Given all this, it’s logical to assume life on Earth – the millions of species that cohabitate our little ball of rock in space – would be impacted. But it still feelsunnerving to discover that this is no longer about just polar bears; it’s not only coral reefs and sea turtles or pikas and penguins; it about practically everything – including us.
Climate change came too early because of us. The technologies that we all use contributed to the increase of greenhouse gasses and carbon footprint that made the planet hotter and messed up nature’s natural weather systems.
There are some places in the world that are just so important, so vital to the survival of wildlife and so important to surrounding people and their livelihoods, that even if we doubt we will ever visit them in person, we just know we must cherish them.
The Leuser Ecosystem (pronounced low-sir) is a vast, enchanting tropical landscape on the island of Sumatra. Spanning over 6.5 million acres of lowland jungle, montane rainforests and teeming, carbon-rich peat swamps, Leuser’s forests are among the most ancient on earth. This is a realm where volcanic eruptions, fluctuating sea levels, and species migrations over uninterrupted millennia have enabled one of the most biodiverse landscapes ever documented to evolve.
From its pristine tropical beaches to its rugged high mountaintops, the Leuser Ecosystem pulses with life. It is the last place on Earth where SE Asia’s most iconic species, orangutans, tigers, rhinos and elephants still live side by side in the wild. To step into Leuser’s steamy rainforests is to experience a serenade of biodiversity, a cacophony of buzzing insects, singing birds, croaking frogs and loud-calling primates.
The Leuser contains some of the world’s highest known levels of plant and animal abundance, with at least 105 mammal species, 382 bird species, and 95 reptile and amphibian species, among countless others still unrecorded by scientists. The rainfall Leuser’s forests produce, and the numerous clear rivers that emanate within them, provide millions of local people with clean drinking water and irrigation for agriculture, including water-intensive rice cultivation, as well as many other needs essential to local economies.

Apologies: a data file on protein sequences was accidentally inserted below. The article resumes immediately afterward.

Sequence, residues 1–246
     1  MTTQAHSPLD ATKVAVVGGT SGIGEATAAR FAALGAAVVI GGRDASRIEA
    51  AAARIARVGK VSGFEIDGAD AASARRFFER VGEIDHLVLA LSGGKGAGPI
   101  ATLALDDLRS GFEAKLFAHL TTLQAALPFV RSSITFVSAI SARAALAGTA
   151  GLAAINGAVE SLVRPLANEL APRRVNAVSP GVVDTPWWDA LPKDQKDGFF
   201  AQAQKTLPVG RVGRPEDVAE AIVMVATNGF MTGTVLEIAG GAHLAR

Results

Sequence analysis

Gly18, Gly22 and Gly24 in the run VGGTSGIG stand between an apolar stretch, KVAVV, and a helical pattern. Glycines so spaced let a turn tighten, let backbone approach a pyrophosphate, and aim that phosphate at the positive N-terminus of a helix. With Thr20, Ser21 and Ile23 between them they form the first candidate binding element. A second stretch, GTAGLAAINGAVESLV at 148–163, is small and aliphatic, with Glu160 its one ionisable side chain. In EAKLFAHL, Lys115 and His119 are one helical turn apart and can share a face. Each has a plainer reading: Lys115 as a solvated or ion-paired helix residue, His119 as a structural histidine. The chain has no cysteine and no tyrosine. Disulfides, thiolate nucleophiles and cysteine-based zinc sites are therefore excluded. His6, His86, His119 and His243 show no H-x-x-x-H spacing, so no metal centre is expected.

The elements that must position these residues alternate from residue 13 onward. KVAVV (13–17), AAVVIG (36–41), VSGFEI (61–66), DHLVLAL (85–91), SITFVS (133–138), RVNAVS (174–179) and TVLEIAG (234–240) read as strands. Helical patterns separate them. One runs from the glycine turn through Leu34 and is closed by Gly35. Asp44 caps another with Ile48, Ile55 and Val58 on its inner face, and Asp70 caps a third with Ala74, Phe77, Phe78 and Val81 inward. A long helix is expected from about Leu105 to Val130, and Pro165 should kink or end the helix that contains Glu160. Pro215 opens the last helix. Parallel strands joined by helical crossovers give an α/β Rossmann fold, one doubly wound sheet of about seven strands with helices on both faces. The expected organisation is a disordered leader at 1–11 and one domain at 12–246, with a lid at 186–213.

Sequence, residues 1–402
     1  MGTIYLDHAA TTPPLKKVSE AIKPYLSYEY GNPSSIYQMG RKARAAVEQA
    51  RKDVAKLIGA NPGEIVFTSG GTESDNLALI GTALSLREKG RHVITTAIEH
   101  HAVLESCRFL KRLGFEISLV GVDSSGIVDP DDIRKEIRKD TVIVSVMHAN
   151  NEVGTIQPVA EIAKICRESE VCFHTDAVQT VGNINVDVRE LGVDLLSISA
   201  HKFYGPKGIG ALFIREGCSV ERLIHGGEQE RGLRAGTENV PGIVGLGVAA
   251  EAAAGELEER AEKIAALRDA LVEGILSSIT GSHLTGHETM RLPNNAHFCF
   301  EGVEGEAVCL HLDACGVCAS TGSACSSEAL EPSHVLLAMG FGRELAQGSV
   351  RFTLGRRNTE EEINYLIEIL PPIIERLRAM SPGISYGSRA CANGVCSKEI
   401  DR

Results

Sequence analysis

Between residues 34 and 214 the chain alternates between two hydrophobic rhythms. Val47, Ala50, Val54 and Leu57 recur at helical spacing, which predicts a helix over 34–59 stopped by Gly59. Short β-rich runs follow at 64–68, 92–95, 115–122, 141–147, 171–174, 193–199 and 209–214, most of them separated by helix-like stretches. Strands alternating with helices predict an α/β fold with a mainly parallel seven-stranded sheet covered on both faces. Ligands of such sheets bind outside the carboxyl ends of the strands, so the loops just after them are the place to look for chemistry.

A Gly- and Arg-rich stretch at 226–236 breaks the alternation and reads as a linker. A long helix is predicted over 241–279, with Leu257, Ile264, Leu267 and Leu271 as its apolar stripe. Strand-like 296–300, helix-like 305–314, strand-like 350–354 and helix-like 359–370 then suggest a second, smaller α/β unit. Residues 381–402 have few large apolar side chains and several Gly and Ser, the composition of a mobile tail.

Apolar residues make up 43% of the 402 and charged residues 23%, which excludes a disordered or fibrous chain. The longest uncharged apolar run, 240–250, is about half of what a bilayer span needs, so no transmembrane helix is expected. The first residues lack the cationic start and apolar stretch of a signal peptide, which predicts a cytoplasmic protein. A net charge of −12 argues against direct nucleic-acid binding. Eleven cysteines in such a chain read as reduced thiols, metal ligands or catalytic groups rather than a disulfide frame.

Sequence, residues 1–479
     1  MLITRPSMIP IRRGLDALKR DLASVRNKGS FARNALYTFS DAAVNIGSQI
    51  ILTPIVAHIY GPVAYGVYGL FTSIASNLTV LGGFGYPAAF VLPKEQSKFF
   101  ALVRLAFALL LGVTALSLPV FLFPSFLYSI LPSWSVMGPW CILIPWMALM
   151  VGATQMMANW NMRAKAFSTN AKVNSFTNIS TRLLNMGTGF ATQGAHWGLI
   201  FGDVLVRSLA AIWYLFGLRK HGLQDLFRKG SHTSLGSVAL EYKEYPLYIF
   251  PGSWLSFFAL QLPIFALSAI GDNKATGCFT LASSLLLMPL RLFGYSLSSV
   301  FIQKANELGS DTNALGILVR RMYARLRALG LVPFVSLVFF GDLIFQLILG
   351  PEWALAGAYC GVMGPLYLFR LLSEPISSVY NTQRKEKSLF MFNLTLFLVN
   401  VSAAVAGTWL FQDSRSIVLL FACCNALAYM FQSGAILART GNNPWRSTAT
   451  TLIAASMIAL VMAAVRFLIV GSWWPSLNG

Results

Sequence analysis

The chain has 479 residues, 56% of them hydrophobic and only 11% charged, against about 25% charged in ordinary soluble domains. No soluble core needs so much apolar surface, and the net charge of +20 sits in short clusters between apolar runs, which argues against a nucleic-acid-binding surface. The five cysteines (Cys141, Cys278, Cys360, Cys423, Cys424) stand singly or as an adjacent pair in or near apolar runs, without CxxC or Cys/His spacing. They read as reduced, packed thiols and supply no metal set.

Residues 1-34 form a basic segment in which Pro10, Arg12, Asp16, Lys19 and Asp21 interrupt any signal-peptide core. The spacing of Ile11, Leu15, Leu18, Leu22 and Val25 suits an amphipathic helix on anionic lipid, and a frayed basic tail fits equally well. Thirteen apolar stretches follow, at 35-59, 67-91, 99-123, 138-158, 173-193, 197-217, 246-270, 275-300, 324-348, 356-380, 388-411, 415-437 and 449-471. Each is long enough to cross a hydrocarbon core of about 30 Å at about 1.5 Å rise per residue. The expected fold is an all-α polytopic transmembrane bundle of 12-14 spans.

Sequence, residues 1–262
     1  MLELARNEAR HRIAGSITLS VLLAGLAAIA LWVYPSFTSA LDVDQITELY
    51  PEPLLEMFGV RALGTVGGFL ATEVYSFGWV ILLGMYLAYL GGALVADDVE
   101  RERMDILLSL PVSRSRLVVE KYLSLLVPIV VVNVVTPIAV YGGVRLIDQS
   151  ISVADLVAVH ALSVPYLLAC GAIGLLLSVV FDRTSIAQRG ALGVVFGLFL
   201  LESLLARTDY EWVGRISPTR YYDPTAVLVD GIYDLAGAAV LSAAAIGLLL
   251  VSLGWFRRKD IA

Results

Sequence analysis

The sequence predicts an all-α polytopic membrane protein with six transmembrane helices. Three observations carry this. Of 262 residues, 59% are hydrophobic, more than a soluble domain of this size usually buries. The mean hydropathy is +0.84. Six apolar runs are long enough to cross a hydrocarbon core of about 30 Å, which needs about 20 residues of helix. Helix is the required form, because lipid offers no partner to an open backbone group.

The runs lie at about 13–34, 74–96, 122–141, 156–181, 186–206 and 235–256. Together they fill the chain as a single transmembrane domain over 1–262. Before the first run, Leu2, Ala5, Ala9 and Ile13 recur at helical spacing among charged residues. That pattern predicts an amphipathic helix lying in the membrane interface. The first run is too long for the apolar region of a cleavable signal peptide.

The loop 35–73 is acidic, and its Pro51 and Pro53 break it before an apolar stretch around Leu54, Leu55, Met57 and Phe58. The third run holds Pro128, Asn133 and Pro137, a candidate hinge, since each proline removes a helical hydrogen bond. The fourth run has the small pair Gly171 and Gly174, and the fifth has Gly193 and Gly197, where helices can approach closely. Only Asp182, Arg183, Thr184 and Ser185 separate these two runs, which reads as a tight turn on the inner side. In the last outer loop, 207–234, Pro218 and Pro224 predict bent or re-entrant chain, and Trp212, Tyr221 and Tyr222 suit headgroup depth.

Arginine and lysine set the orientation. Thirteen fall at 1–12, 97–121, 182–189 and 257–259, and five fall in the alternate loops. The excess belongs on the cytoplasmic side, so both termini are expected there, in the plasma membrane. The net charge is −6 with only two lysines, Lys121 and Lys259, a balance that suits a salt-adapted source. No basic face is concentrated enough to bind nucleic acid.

As the more superior species on this planet (in term of skills and intellect), we have a responsibility to protect the planet and everyone else living in it to ensure our species go on and on through the years. However, we seem to be too good at destruction that we have managed to invent technologies that speed up climate change and global warming at a rate never seen before in centuries. As a result, wildlife species suffer and go extinct, never to be seen again.
While climate change is already a deadly threat to everyone on earth, we can still do something about it and prevent further damage by changing our ways. Support the use of sustainable energy and reduce our energy consumption. Minimize our technology use that contributes to the deterioration of the planet. Also, we must put a stop to the poaching industry and safeguard the safety and well-being of animals in the wild. They are the helpless victims of all these catastrophes but are the first to suffer once Mother Nature strikes back. If we truly care for this world and everyone in it, it is time to redeem ourselves and find means to slow down the progression of climate change for everyone’s sake.